Medical care in eastern North Carolina was conspicuously absent for African Americans until Dr. Frank S. Hargrave, a black physician, conveyed property on 504 East Greene Street, where he had been treating black patients since 1905, to Samuel H. Vick and J.D. Reid for the creation of the Wilson Hospital and Tubercular Home. Money troubles dogged the new hospital for next 17 years, but it still provided care for a growing African American population streaming into Wilson to work in the tobacco, cotton and mercantile industry. In 1929 the hospital was forced to close due to lack of funds. This did not last long however, and in 1930 it was newly incorporated as Mercy Hospital.
Until 1938 the hospital was supported through private donations from local tobacconists, the city of Wilson, and the Duke endowment. In 1938 the trustees sold the hospital to the city of Wilson to obtain a federal grant for $16,000, which allowed the hospital to expand from 25 to 40 beds. Mercy was then sold back to the trustees to obtain a $19,000 grant from the Ford Foundation. This increased its size to fifty beds and enabled the hiring of eight full-time employees. With the end of segregation and the building of the new Wilson Memorial Hospital, Mercy Hospital closed its doors permanently in 1964 (1).
Many black physicians and nurses went through the doors of the historic medical facility, including the Dr. J. F. Cowan and his wife Annie Mae Cowan who came to work there in 1927. Dr. J. F. Cowan was a graduate of Howard University and was brought to Wilson by hospital trustee, J.D. Reid. It was at the hospital that Dr. Cowan met his future wife, Annie Mae Cowan, who was the first African American woman in Wilson to take the state nursing exam
“Old man Reid, the banker, supervised the hospital,” recalled Annie Mae. “And his wife kept the books.”
When Dr. Cowan arrived, he was n’t very encouraged by the sight of the facilities after being used to the modern medical facilities at Howard Medical School. But they enjoyed their time at the hospital, which was then still called the Wilson Hospital and Tubercular Home.
Annie Mae recalled them having good relations with visiting physicians from Moore-Herring Hospital, which was the white hospital in Wilson, but where African American patients went for surgical procedures. She also remembered a screened in porch installed for tuberculosis patients, but she only remembered one patient suffering from that infectious, bacterial lung disease (2).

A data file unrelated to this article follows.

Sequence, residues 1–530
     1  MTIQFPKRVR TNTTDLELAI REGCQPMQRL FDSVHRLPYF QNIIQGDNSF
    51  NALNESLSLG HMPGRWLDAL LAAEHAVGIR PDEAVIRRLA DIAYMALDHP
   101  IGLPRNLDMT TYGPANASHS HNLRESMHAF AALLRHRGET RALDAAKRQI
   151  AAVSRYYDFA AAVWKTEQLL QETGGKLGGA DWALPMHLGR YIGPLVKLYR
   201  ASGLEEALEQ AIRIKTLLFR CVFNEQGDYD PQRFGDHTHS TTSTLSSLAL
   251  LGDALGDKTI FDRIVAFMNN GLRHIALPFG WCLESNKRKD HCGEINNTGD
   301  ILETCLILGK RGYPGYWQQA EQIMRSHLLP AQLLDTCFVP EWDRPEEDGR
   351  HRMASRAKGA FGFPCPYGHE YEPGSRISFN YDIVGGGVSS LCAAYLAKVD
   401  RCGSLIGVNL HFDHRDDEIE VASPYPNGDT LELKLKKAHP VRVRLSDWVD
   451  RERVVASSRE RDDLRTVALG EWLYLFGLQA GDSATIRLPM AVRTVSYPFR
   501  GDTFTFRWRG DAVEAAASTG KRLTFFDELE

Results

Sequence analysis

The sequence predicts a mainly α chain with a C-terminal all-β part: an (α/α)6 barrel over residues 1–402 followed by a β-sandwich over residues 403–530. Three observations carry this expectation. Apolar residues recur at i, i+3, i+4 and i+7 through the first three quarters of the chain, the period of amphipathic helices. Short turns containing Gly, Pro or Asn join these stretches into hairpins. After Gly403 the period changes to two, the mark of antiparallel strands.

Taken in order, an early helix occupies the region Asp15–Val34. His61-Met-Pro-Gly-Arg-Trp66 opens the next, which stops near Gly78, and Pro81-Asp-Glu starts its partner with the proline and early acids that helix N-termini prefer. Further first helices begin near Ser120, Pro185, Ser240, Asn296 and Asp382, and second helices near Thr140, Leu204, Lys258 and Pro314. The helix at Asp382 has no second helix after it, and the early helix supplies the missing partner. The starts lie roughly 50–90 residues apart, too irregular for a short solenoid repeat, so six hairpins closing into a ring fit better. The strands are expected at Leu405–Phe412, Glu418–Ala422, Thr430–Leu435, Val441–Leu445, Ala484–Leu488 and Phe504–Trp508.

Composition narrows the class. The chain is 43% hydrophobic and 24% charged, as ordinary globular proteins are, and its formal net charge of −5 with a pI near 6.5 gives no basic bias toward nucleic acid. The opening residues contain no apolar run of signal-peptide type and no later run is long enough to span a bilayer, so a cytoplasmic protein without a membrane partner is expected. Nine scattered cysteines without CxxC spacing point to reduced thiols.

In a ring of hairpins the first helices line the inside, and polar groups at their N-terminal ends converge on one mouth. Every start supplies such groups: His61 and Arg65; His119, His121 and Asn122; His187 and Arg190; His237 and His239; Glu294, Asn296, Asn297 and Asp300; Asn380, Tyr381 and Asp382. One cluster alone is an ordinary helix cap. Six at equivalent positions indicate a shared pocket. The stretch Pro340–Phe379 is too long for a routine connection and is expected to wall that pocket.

The Mercy Hospital Historical Marker will be dedicated at 3:00 PM on Tuesday, May 4.
1.Lewis, Necole. “Mercy Hospital: Emergence of the First Black Hospital in Eastern North Carolina.” Unpublished thesis, North Carolina Central University, 1998, pp. 1–47.
2.Railey, Mimi. “Mercy Hospital: Health Care in East Wilson.” Wilson Daily Times, 16 July 1983, p. 1C.
The following book review was written by Bobbi King:
DAVID DOBSON continues his work compiling names into published lists which are absolutely indispensable to our genealogy work. Featured here are some of Dobson’s more recent publications.
Belfast, Ireland, grew from small village to important city after receiving a Royal Charter in 1613. The population stood at about two thousand residents. This volume contains lists of about two thousand names of Belfast residents transcribed from forty-five primary sources in Ireland, Scotland, England, and elsewhere, which are listed in the back of the book. A short introduction describes the history of Belfast.
The People of the Scottish Burghs.
Genealogical Publishing Co.
This set comprises a series of eleven Genealogical Source Books. Two recent examples are:
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America’s Old West was undoubtedly a Wild West before an ex-slave named Mary Fields arrived in 1885 at a small railroad town in present-day Montana. Yet she certainly made things more interesting. One schoolgirl wrote an essay saying: “she drinks whiskey, and she swears, and she is a republican, which makes her a low, foul creature.”